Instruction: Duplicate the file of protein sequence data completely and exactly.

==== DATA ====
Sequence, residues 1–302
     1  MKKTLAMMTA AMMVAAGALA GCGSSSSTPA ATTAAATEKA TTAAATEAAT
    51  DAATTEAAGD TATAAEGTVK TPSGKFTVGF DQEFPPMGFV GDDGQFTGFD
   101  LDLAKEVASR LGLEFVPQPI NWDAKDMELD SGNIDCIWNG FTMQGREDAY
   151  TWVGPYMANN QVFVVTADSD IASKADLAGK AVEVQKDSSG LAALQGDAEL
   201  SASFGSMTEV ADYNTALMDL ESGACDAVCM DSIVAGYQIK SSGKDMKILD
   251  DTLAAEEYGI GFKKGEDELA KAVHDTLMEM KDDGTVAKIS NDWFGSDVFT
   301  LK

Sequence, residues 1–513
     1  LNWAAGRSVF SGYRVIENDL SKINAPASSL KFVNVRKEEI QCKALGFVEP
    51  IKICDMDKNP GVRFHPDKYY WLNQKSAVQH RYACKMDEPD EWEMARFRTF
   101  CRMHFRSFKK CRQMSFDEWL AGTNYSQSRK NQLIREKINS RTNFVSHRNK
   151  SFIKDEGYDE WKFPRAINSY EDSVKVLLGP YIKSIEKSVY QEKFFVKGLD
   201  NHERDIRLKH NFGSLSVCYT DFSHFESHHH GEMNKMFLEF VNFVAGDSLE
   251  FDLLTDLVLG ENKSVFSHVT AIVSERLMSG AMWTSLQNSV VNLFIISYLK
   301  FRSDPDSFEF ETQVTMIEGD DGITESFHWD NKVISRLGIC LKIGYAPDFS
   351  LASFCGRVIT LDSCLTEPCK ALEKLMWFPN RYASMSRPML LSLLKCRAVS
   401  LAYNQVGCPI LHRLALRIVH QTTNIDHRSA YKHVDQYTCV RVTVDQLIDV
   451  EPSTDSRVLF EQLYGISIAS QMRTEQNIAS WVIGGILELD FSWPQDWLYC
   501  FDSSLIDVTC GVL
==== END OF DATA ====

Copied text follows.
Sequence, residues 1–302
     1  MKKTLAMMTA AMMVAAGALA GCGSSSSTPA ATTAAATEKA TTAAATEAAT
    51  DAATTEAAGD TATAAEGTVK TPSGKFTVGF DQEFPPMGFV GDDGQFTGFD
   101  LDLAKEVASR LGLEFVPQPI NWDAKDMELD SGNIDCIWNG FTMQGREDAY
   151  TWVGPYMANN QVFVVTADSD IASKADLAGK AVEVQKDSSG LAALQGDAEL
   201  SASFGSMTEV ADYNTALMDL ESGACDAVCM DSIVAGYQIK SSGKDMKILD
   251  DTLAAEEYGI GFKKGEDELA KAVHDTLMEM KDDGTVAKIS NDWFGSDVFT
   301  LK

Sequence, residues 1–513
     1  LNWAAGRSVF SGYRVIENDL SKINAPASSL KFVNVRKEEI QCKALGFVEP
    51  IKICDMDKNP GVRFHPDKYY WLNQKSAVQH RYACKMDEPD EWEMARFRTF
   101  CRMHFRSFKK CRQMSFDEWL AGTNYSQSRK NQLIREKINS RTNFVSHRNK
   151  SFIKDEGYDE WKFPRAINSY EDSVKVLLGP YIKSIEKSVY QEKFFVKGLD
   201  NHERDIRLKH NFGSLSVCYT DFSHFESHHH GEMNKMFLEF VNFVAGDSLE
   251  FDLLTDLVLG ENKSVFSHVT AIVSERLMSG AMWTSLQNSV VNLFIISYLK
   301  FRSDPDSFEF ETQVTMIEGD DGITESFHWD NKVISRLGIC LKIGYAPDFS
   351  LASFCGRVIT LDSCLTEPCK ALEKLMWFPN RYASMSRPML LSLLKCRAVS
   401  LAYNQVGCPI LHRLALRIVH QTTNIDHRSA YKHVDQYTCV RVTVDQLIDV
   451  EPSTDSRVLF EQLYGISIAS QMRTEQNIAS WVIGGILELD FSWPQDWLYC
   501  FDSSLIDVTC GVL